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Dietary patterns, food groups and telomere length: a systematic review of current studies


Telomere length (TL) is recognized as a biomarker of aging and shorter telomeres are linked with shorter lifespan. Inter-individual variability in telomere length is highly heritable. However, there has been a resurgence of interest in the controversial relationship between diet and TL. Evaluating the impact of diet at the food group and dietary pattern level will provide greater insight into the effect of diet on TL dynamics, which are of significant importance in health and longevity. This article reports the first systematic review of the relation between food groups, dietary patterns and TL in human populations based on PRISMA guidelines. Design: PubMed, Science Direct, The Cochrane Library and Google Scholar databases were electronically searched for all relevant studies, up to November 2015. Among the 17 included studies, 3 and 10 of them were regarding the effect of dietary patterns and various food groups on TL, respectively. Also, in 4 studies, both dietary patterns and different food groups were assessed in relation to TL. Mediterranean dietary pattern was related to longer TL in 3 studies. Five studies indicated beneficial effect of fruits or vegetables on TL. In 7 studies, a reverse association between TL and intake of cereals, processed meat, and fats and oils was reported. Our systematic review supports the health benefits of adherence to Mediterranean diet on TL. Except for the fruits and vegetables, which showed positive association with TL, results were inconsistent for other dietary factors. Also, certain food categories including processed meat, cereals and sugar-sweetened beverages may be associated with shorter TLs. However, additional epidemiological evidence and clinical trials should be considered in future research in order to develop firm conclusions in this regard.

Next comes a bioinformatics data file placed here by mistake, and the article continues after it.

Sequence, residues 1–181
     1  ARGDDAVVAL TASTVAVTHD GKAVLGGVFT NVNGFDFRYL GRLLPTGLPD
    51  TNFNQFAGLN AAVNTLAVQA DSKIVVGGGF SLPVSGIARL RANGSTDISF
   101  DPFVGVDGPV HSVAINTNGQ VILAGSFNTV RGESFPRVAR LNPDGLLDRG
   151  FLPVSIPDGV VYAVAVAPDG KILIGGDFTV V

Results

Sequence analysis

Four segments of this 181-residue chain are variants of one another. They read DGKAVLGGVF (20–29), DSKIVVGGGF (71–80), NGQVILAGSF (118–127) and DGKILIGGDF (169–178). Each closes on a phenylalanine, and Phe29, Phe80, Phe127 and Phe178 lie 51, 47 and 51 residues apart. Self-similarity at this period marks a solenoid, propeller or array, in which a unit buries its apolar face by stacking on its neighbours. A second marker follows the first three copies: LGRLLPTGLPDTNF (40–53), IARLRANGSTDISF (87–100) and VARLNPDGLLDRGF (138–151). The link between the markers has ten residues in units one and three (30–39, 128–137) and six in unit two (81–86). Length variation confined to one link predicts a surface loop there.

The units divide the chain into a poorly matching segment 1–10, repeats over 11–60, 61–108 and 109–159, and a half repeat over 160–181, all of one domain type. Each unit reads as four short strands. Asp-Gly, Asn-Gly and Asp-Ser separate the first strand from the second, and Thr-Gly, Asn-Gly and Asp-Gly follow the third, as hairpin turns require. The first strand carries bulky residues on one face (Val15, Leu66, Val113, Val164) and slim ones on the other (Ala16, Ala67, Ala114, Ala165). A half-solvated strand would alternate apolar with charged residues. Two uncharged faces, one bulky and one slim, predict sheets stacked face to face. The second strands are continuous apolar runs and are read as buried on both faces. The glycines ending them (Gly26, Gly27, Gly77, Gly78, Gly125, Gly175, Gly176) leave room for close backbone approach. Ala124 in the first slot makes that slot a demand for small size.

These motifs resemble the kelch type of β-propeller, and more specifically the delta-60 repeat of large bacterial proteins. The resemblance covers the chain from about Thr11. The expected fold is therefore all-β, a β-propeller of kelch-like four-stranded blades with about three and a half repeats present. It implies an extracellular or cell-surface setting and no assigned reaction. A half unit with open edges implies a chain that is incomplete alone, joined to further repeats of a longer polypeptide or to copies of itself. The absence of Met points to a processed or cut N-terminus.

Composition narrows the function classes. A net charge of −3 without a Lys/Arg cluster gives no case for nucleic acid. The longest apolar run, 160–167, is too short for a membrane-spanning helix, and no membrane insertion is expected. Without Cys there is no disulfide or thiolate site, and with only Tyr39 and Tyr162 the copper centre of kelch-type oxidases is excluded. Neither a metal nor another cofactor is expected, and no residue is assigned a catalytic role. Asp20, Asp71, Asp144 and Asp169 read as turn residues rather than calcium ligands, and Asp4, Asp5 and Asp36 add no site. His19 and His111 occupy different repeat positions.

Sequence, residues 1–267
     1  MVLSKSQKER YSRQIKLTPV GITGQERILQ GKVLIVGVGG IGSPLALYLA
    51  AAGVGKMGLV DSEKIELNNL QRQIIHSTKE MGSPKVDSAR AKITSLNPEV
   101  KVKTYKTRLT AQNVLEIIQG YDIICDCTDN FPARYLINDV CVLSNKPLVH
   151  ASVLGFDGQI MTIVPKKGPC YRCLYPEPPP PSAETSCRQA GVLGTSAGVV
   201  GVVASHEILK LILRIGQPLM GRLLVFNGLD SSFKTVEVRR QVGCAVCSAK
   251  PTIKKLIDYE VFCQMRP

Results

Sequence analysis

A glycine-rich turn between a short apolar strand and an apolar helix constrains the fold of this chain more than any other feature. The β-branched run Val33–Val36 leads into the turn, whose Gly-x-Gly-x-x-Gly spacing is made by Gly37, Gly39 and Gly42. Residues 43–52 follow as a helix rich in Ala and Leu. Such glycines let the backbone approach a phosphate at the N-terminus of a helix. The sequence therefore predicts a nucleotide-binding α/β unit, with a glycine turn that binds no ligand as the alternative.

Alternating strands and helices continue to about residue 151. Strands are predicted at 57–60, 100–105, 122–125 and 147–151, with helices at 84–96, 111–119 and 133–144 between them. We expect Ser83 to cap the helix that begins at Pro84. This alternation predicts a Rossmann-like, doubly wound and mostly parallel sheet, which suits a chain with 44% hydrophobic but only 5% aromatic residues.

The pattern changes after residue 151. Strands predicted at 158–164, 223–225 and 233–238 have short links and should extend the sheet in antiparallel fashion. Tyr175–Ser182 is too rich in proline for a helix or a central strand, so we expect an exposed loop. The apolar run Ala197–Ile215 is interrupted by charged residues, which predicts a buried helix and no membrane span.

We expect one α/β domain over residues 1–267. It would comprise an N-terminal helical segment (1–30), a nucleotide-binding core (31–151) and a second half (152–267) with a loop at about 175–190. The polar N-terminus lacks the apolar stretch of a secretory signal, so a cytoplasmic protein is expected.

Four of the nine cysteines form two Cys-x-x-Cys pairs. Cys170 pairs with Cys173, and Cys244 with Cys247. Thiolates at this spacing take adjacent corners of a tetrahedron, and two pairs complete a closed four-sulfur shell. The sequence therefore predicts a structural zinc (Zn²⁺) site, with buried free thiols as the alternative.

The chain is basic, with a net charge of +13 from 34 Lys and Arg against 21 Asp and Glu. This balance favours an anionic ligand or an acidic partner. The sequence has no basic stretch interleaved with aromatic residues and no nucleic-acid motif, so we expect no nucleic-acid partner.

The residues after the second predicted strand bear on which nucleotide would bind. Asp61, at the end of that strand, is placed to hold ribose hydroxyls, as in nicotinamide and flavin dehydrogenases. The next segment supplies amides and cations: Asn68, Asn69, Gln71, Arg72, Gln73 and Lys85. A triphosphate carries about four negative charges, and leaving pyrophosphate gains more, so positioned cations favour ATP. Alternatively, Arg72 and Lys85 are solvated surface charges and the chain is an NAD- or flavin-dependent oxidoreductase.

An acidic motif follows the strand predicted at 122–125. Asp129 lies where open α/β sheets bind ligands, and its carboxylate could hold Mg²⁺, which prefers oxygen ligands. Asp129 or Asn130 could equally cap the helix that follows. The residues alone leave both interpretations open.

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We would like to thank the Isfahan University of Medical Sciences for their great cooperation in conducting this study. The gauarantor of this article is M Miraghajani.

Author contributions

NR, SG, FB, SMS and MM conceptualized and designed the study, and drafted the manuscript.

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Corresponding author

Correspondence to M Miraghajani.

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The authors declare no conflict of interest.

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Rafie, N., Golpour Hamedani, S., Barak, F. et al. Dietary patterns, food groups and telomere length: a systematic review of current studies. Eur J Clin Nutr 71, 151–158 (2017).

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